This Week in Blockchain Research Issue #85

Issue #85

Issue #85

Paper of the Week:

Paper Title: On the (Ir)Replaceability of Global Setups, or How (Not) to Use a Global Ledger.


  1. In a universally composable framework, a global setup is intended to capture the ideal behavior of a primitive which is accessible by multiple protocols, allowing them to share state.

  2. The ledger implemented by blockchain protocols such as Bitcoin is a representative example of such global setup, since the Bitcoin ledger is known to be useful in various scenarios.

  3. Therefore, it has become increasingly popular to capture such ledgers as a global setup. One would hope that this allows one to make security statements about protocols that use such a global setup, e.g., a global ledger, which can then be automatically translated into the setting where the setup is replaced by a protocol implementing it, such as Bitcoin.

  4. This work shows that the above reasoning is flawed and such a generic security-preserving replacement can only work under very (often unrealistic) strong conditions on the global setup.

  5. For example, the composable security of Bitcoin, cast as realizing an ideal ledger such as the one by Badertscher et al., is not sufficient per se to allow us to replace the ledger by Bitcoin when used as a global setup and to expect that security statements that are made in the global ledger-hybrid world would be preserved.

  6. On the positive side, this work provides characterizations of security statements for protocols that make use of global setups, for which the replacement is sound.

  7. The results can be seen as a first guide on how to navigate the very tricky question of what constitutes a “good” global setup and how to use it in order to keep the modular protocol-design approach intact.

AuthorsChristian Badertscher*, Julia Hesse†, and Vassilis Zikas‡,

Affiliations: * IOHK, † IBM Research – Zurich, and ‡ University of Edinburgh.


1. Paper Title: Robust Subgroup Multi-Signatures for Consensus.

Summary: This work points out that the traditional security model for multi- signatures is insufficient for consensus protocols, as it assumes that every party in the set participates in the multi-signature computation phase and is honest.

Authors: David Galindo*† and Jia Liu*,

Affiliations* and † University of Birmingham.

2. Paper Title: On the Serverless Nature of Blockchains and Smart Contracts.

Summary: This work analyzes how the blockchain technology and smart contracts fit into the serverless picture and derives a set of scenarios in which they act as different component types in serverless architectures.

Authors: Vladimir Yussupov*, Ghareeb Falazi*, Uwe Breitenbucher*, and Frank Leymann*,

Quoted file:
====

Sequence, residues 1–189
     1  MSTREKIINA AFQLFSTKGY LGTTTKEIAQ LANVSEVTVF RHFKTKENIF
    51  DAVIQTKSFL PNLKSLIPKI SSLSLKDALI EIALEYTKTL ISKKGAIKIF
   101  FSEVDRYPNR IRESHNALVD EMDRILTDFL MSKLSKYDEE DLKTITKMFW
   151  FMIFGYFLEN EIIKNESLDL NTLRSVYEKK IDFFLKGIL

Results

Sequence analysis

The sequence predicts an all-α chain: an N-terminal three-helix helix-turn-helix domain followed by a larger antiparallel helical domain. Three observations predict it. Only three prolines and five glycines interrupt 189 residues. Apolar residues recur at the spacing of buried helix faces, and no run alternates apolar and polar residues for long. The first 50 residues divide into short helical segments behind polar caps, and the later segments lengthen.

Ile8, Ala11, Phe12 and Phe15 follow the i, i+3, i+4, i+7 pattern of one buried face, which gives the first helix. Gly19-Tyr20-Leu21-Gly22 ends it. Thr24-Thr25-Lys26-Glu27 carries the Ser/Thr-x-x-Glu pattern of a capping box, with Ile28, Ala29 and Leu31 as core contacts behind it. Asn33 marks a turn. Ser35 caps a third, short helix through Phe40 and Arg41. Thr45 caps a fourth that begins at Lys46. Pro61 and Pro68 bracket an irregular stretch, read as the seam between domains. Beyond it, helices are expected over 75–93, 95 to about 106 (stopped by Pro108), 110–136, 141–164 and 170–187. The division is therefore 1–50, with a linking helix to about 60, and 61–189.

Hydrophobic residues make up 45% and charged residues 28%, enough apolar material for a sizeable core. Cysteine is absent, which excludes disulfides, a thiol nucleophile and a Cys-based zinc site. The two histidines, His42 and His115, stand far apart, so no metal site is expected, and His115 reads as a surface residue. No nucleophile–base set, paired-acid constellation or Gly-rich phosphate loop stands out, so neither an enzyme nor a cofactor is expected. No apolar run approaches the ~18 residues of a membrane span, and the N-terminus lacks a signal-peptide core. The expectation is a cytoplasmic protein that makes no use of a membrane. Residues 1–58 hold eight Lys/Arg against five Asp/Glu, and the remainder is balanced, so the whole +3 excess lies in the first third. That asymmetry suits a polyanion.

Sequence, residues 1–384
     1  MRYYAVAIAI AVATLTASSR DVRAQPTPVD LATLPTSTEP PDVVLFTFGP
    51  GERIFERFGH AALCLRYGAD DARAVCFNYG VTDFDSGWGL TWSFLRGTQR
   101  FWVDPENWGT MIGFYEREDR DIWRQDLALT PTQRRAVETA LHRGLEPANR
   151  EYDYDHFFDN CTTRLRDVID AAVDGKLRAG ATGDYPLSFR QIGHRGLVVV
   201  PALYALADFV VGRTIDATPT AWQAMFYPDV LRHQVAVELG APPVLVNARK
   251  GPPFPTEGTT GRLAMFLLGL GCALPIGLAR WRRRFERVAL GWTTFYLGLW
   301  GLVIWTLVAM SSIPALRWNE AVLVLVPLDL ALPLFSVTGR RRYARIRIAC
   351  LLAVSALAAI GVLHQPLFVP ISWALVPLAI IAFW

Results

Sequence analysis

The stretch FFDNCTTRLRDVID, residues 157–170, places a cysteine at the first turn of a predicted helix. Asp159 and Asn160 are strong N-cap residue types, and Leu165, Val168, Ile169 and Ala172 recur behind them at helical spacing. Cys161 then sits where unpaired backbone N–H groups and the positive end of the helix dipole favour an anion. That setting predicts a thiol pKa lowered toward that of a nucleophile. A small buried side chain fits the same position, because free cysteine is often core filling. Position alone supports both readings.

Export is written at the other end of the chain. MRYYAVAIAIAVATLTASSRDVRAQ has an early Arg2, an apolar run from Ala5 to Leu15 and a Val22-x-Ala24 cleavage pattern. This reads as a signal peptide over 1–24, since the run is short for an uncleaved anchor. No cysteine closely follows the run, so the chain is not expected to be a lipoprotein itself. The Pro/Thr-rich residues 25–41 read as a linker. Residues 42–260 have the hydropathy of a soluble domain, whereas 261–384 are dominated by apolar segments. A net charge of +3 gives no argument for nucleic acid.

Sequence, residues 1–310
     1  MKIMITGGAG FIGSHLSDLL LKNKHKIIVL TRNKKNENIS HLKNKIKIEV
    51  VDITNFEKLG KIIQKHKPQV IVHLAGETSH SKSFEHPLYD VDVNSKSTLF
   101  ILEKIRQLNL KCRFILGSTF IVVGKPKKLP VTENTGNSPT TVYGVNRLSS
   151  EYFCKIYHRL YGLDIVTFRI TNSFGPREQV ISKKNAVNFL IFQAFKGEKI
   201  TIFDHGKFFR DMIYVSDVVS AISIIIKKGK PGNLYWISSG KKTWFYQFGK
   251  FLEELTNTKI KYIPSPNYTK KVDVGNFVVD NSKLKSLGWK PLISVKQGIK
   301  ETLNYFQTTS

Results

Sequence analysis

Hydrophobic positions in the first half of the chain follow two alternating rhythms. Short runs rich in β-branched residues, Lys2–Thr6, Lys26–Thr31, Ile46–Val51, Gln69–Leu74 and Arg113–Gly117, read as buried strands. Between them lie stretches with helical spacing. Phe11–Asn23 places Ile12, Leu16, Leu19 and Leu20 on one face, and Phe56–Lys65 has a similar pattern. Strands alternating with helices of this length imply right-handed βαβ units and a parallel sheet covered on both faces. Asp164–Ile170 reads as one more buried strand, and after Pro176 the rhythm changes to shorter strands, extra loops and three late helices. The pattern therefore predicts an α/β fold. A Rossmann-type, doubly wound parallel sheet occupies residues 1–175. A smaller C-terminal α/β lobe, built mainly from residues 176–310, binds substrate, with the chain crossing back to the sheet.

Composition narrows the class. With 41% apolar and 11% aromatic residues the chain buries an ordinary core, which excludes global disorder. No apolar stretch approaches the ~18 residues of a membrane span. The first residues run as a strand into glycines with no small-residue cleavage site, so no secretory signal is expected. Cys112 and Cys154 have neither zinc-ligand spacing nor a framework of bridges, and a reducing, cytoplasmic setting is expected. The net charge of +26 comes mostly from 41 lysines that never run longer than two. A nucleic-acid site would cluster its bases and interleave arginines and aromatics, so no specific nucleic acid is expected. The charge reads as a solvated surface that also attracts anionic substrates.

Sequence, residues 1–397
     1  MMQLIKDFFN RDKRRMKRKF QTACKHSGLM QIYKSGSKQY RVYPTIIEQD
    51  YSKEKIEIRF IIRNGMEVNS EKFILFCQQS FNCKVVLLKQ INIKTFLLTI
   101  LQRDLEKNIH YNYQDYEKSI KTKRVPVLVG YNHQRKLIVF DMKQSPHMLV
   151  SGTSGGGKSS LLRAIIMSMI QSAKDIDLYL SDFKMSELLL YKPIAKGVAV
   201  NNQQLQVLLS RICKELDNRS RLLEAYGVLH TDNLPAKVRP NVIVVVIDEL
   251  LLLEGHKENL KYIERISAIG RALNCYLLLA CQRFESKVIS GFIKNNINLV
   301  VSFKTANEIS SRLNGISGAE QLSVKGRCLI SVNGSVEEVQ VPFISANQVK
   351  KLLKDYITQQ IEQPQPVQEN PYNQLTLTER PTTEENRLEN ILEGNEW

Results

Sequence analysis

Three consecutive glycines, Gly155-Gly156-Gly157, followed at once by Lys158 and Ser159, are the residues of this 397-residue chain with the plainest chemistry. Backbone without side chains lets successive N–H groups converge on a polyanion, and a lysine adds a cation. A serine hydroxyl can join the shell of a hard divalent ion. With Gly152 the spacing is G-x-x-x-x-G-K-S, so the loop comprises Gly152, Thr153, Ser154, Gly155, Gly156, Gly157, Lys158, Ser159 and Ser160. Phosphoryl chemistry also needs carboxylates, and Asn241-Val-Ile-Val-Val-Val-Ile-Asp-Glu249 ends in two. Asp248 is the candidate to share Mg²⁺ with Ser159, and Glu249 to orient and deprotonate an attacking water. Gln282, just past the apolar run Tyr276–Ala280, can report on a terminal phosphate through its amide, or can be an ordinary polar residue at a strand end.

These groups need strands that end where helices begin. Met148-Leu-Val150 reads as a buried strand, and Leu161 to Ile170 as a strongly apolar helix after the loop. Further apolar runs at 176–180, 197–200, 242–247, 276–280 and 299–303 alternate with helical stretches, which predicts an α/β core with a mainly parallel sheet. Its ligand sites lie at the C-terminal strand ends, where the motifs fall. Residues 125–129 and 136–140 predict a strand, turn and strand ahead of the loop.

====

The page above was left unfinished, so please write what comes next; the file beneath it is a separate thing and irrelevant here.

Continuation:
Affiliations* University of Stuttgart.

3. Paper Title: General Purpose Atomic Crosschain Transactions.

Summary: This paper introduces and empirically examines a protocol that provides atomic, synchronous, inter-contract function calls across blockchains. 

Authors: Peter Robinson*† and Raghavendra Ramesh*,

Affiliations* ConsenSys Software R&D and † University of Queensland.

4. Paper Title: Verification of recursive Bitcoin contracts.

Summary: This work addresses the problem of verifying liquidity on BitML, a DSL for smart contracts with a secure compiler to Bitcoin, featuring primitives for currency transfers, contract renegotiation and consensual recursion.

Authors: Massimo Bartoletti*, Stefano Lande*, Maurizio Murgia†, and Roberto Zunino†,

Affiliations* University of Cagliari and † University of Trento.


1. Paper Title: Delegated RingCT: faster anonymous transactions.

Summary: A modification to RingCT protocol with stealth addresses that makes it compatible with Delegated Proof of Stake based consensus mechanisms called Delegated RingCT.

Authors: Rui Morais*, Paul Crocker*, and Simao Melo de Sousa*,

Affiliations* University of Beira Interior.


1. Paper Title: COMMITEE : An Efficient and Secure Commit-Chain Protocol using TEEs.

Summary: A simple and efficient Plasma system leveraging the power of trusted execution environments (TEE).

Authors: Andreas Erwig*, Sebastian Faust*, Siavash Riahi*, and Tobias Stöckert*,

Affiliations* TU Darmstadt.


No papers.


1. Paper Title: Malicious Security Comes for Free in Consensus with Leaders.

Summary: This work removes the so far quadratic bit communication cost of three desirable properties of consensus protocols with leaders: Responsiveness with Optimal latencyOptimistic Fast Track and Strong Unanimity.

Authors: Matthieu Rambaud*,

Affiliations* Telecom Paris.

2. Paper Title: Close Latency–Security Trade-off for the Nakamoto Consensus.

Summary: This paper describes a continuous-time model for blockchains and develops a rigorous analysis that yields very close latency (or confirmation time) and security bounds.

Authors: Jing Li*, Dongning Guo*, and Ling Ren*,

Affiliations* Northwestern University and † Illinois.


1. Paper Title: Blockchain mechanism and distributional characteristics of cryptos.

Summary: This work investigates the relationship between underlying blockchain mechanism of cryptocurrencies and its distributional characteristics.

AuthorsMin-Bin Lin*, Kainat Khowaja*, Cathy Yi-Hsuan Chen†, and Wolfgang Karl Hardle*,

Affiliations: * Humboldt-Universitat zu Berlin and † University of Glasgow.

Conferences, Journals, & CFPs:

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